The tagline of the important new documentary film 1971 is Before
Watergate, Wikileaks and Edward Snowden, there was Media, Pennsylvania.
In 1971, a small group of political activists calling itself the Citizens
Commission broke into an FBI office in the town of Media and removed a
bunch of files which revealed the extent of the U.S. governments
secret surveillance of the American people. The activists then anonymously
leaked the contents of these files to various journalists across the country,
some of whom were brave enough to challenge the FBI to come clean about
its role in the conspiracy. Of particular interest to the media was a
major (and illegal) FBI program called COINTELPRO.
of J. Edgar Hoover, it was aimed at curtailing the power of the New Left,
which at the time included anti-Vietnam War protestors, Black Panthers,
members of the ACLU, and civil rights leaders such as Martin Luther King.
The FBI didnt just shadow these militants but used every dirty trick
imaginable to smear and suppress them. The revelations led to the formation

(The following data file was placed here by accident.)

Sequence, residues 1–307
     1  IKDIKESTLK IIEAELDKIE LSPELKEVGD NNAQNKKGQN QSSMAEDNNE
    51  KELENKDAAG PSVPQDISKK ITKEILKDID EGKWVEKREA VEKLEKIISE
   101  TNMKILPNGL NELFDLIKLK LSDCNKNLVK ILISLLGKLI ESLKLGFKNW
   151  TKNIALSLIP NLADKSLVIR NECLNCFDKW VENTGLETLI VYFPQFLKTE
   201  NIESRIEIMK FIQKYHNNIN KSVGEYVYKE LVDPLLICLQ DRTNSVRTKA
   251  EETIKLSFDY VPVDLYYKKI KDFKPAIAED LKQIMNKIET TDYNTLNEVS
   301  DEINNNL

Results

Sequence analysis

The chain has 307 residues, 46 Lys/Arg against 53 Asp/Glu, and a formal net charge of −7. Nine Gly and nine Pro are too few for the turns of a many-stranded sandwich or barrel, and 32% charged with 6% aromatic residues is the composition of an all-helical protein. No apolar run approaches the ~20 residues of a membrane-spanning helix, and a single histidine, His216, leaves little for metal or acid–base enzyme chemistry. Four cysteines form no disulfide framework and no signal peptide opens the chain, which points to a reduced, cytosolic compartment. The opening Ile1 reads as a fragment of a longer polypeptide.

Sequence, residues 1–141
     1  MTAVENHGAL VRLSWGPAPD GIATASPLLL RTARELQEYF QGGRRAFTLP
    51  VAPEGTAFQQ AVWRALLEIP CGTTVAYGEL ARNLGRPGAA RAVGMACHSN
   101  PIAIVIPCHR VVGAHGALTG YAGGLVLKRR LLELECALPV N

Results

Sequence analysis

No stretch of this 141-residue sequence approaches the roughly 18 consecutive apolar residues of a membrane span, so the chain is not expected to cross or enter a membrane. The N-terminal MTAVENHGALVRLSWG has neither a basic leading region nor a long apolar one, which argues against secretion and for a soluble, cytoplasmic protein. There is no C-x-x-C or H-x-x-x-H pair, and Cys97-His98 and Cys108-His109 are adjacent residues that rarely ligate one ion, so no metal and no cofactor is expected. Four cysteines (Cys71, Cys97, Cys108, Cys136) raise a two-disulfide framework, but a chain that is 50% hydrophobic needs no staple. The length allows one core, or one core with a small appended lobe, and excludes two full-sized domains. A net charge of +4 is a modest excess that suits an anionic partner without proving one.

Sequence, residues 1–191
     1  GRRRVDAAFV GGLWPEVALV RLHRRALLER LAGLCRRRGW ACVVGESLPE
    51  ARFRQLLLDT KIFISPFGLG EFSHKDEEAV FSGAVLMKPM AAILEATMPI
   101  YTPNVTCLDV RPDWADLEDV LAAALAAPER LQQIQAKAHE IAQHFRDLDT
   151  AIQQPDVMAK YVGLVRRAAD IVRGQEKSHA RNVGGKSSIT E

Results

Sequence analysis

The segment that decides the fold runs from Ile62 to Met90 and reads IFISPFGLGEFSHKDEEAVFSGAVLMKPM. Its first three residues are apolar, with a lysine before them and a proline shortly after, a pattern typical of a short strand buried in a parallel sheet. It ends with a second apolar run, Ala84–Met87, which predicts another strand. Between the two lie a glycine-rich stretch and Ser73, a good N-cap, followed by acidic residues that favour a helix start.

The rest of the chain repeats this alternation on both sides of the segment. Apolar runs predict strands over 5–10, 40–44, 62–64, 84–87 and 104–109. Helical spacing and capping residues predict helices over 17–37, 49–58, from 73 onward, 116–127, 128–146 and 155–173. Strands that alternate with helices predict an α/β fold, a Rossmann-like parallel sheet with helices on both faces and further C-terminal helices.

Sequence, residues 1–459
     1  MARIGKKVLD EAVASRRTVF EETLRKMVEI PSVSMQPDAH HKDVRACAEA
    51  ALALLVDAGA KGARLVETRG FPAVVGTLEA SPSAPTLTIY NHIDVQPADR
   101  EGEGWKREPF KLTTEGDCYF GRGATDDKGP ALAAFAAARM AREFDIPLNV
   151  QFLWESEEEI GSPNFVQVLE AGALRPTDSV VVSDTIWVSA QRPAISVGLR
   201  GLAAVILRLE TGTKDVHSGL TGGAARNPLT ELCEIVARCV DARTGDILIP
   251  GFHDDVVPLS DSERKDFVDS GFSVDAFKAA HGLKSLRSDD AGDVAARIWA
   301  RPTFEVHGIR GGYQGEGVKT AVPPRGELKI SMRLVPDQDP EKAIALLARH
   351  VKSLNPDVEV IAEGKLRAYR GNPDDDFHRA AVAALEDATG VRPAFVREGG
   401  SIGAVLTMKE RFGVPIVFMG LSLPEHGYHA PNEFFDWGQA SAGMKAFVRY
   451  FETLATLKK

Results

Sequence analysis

of the Church Committee, which held the first-ever congressional investigation
into Americas intelligence agencies. F.A.O. Schwartz Jr, chief counsel
to the Church Committee, appears in 1971 and talks about the inner workings
of Cointelpro and about the impact it had on dissent in the USA. Ultimately,
Congress passed legislation that curtailed some of the surveillance powers
of the FBI, CIA and NSA.
Among the many other talking-heads in 1971 are two FBI agents and such
journalists as Betty Medsger (Washington Post) and Carl Stern (NBC News).
Medsger, who was the first reporter to receive the stolen documents, recalls
how the Nixon administration tried to persuade the Posts editor
and publisher to kill her story. Fortunately, the executives didnt
cave in to the pressure. Her expose ran on the front page and triggered
a national debate on privacy issues.
1971 gives most of its screen time to the surviving members of the Citizens
Commission: Bill Davidon, Keith Forsyth, Bob Williamson, Bonnie and John
Raines. They describe how and why they decided to break into the FBI office
and pilfer every file they could get their hands on. (The reenactment
of the break-in is well handled by the films director, Johanna Hamilton).
In all, ten thousand documents were taken. The FBI launched a massive
investigation but could never find any of the culprits. They have remained
silent and anonymous all these years--until Hamilton and her team found
their way to them.
to 1971, these courageous whistle-blowers have finally been able to tell
their remarkable story.